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Eating High Amounts Of These Fats Is Disastrous For Vegan Health

vegan junk food oil omega 3's health

So you’ve gone vegan. You may have heard the trend is to keep your fats high, so you cook with coconut oil, slather olive oil on your salads and make it a point to eat avocados and nuts everyday. Perhaps you indulge in processed foods that contain no animal products. A look at two scientific studies may shed some light on the ill effects of fat on the vegan diet and how to correct it.


More: How To Go Vegan In 3 Easy Steps

No Difference Between Vegetarians And Non-Vegetarians In Death Rates

A study published in the American Journal of Clinical Nutrition combined data from 5 prospective studies to compare the death rates from common diseases of vegetarians with those of non-vegetarians with similar lifestyles. Investigators in 5 prospective studies deliberately recruited a large proportion of vegetarians and, for comparison, non-vegetarians with lifestyles similar to the vegetarians. They analyzed the combined data from these 5 studies to provide overall estimates of the association of a vegetarian diet with the risk of death from specific causes.

All 5 studies reported that infrequent meat consumption or vegetarianism was associated with low mortality from ischemic heart disease, and these observations were strongly confirmed in the collaborative analysis: vegetarians had a 24% lower mortality from ischemic heart disease than non-vegetarians.

The lower mortality from ischemic heart disease among vegetarians was greater at younger ages and was restricted to those who had followed their current diet for more than 5 years.

However, further categorization of diets showed that, in comparison with regular meat eaters, mortality from ischemic heart disease was 20% lower in occasional meat eaters, 34% lower in people who ate fish but not meat, 34% lower in lacto-ovo-vegetarians, and 26% lower in vegans. There were no significant differences between vegetarians and non-vegetarians in mortality from cerebrovascular disease, stomach cancer, colorectal cancer, lung cancer, breast cancer, prostate cancer, or all other causes combined.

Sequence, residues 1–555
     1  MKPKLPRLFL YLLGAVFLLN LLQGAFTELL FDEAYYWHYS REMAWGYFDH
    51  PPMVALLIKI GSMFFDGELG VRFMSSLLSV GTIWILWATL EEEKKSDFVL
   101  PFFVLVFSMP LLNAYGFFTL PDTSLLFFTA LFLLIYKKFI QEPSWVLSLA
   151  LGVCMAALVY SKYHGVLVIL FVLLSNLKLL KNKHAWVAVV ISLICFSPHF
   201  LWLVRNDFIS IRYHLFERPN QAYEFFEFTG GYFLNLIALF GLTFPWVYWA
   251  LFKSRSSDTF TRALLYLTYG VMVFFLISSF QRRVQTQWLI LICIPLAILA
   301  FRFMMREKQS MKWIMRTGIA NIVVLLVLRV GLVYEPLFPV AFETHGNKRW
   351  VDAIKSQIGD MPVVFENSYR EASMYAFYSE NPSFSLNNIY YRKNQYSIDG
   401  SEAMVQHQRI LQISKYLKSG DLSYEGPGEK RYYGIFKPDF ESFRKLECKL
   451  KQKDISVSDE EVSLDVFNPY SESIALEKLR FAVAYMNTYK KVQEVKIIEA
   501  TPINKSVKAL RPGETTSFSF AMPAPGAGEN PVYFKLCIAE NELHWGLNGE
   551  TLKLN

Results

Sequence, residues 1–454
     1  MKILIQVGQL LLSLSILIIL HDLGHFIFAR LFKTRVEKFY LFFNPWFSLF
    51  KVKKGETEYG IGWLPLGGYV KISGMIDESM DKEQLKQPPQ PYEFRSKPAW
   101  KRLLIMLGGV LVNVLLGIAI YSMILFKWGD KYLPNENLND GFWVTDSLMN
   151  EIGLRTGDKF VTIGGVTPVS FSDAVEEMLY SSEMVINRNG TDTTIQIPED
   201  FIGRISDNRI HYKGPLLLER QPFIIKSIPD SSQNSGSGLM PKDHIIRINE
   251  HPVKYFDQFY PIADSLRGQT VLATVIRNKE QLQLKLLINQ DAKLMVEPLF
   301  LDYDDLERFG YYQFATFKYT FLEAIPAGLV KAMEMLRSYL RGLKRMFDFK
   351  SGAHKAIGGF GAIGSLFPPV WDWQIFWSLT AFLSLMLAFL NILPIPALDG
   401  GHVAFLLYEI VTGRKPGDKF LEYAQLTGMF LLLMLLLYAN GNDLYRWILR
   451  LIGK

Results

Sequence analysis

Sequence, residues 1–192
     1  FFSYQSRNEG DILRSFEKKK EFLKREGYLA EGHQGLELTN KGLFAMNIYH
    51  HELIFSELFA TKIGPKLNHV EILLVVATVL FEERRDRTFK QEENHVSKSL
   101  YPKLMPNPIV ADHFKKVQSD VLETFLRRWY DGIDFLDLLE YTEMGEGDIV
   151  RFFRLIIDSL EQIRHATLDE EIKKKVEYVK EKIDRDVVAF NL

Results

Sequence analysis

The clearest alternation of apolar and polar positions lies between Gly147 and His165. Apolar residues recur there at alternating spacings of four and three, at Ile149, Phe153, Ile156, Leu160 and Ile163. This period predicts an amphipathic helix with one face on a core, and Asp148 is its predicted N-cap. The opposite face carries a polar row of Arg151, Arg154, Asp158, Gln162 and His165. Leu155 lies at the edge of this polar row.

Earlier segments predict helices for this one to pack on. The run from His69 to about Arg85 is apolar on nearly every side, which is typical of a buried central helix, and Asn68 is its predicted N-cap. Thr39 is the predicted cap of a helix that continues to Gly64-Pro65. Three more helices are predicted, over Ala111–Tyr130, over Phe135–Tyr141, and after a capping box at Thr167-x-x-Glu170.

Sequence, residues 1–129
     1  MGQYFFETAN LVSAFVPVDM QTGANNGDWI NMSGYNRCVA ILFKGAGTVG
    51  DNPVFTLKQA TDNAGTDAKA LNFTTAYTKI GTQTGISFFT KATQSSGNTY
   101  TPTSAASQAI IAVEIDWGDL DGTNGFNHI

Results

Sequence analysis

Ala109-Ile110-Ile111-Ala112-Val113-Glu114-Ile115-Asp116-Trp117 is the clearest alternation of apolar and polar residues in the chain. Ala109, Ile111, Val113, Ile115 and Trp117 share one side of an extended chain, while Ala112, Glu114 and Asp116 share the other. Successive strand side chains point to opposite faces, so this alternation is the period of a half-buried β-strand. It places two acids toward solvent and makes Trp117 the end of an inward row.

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Here’s How Eating a High Amount of Processed Foods Is Disastrous For Vegan Health

How could it be that vegan and vegetarian diets could have the same mortality rates as non-vegan and non-vegetarian diets? The answer lies in the Omega 6-omega 3 ratio. A UK study published in the British Journal of Nutrition looked at the sudden cardiac death of vegetarians and vegans which boiled down to low level of Omega 3 fatty acids EPA and DHA.

To sum it up, there are three types of fatty acids – saturated fats, animal fats, coconut oil, palm kernel oil. Then there are mono-unsaturated fats, nuts, avocados, olive oil, canola oil. There are also poly-unsaturated fats, which are broken out into Omega 3 fats such as, dark leafy greens, walnuts, hemp seeds, flax seeds and flax seed oil, and Omega 6 fats, which are cotton seed oil, corn oil, safflower oil and sunflower oil.

Omega 3’s go on to create EPA and DHA, which block inflammation and clotting and stop heart attacks. The Omega 6’s go on to produce a substance known as AA which is inflammatory and produces heart attacks. When we eat Omega 6 fats, (processed foods) our Omega 6 ratio rises. This is not good. That being said, when we raise the ratio of omega 6’s we produce inflammation.

Because we also need Omega 6 fatty acids in low amounts to maintain good health, the ideal ratio for eating Omega 3’s to Omega 6 fatty acids should be 4-1.
However the UK study showed that vegetarians had a significantly higher ratio of Omega 6 – Omega 3 fatty acids ((10-1) and vegans had a ration of (15-1) than meat eaters (7-1), which means vegetarians and vegans were eating way more processed foods that contained dangerous Omega 6 fatty acids, which we know causes inflammation and heart attack.

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How Can Vegans Lower Their Chance Of Heart Attack?

Eat more plant-based omega 3’s or supplement with a quality plant-based EPA-DHA Omega 3 and not fish oil to avoid heavy metals. The most concentrated source of omega 3’s is flax seed. Eating 1-2 tablespoons flax seeds daily, perhaps in a smoothie, will help increase your Omega 3 ratio. Lastly, avoid eating processed foods these contain high amounts of Omega 6 fatty acids such as corn oil, canola oil, cotton seed oil, safflower oil and sunflower oil.